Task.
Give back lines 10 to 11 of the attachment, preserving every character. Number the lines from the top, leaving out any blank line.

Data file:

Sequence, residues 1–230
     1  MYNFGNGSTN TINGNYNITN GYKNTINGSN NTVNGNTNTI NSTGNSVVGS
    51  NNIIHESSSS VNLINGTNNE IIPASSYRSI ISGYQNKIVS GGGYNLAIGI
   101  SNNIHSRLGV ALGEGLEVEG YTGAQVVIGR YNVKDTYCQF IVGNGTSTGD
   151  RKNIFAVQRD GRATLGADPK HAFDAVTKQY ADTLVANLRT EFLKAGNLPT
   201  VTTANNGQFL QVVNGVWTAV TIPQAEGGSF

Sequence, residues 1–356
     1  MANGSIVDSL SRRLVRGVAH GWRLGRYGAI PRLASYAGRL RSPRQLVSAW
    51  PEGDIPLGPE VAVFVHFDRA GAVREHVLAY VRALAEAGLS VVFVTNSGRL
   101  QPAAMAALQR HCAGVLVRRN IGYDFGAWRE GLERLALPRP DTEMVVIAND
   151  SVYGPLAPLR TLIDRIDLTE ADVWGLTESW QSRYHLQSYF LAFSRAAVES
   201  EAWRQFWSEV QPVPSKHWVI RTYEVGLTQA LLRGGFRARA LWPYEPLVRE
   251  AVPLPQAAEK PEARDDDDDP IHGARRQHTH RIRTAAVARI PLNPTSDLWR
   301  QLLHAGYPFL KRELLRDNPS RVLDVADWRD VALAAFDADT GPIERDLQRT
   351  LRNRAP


   101  QPAAMAALQR HCAGVLVRRN IGYDFGAWRE GLERLALPRP DTEMVVIAND
   151  SVYGPLAPLR TLIDRIDLTE ADVWGLTESW QSRYHLQSYF LAFSRAAVES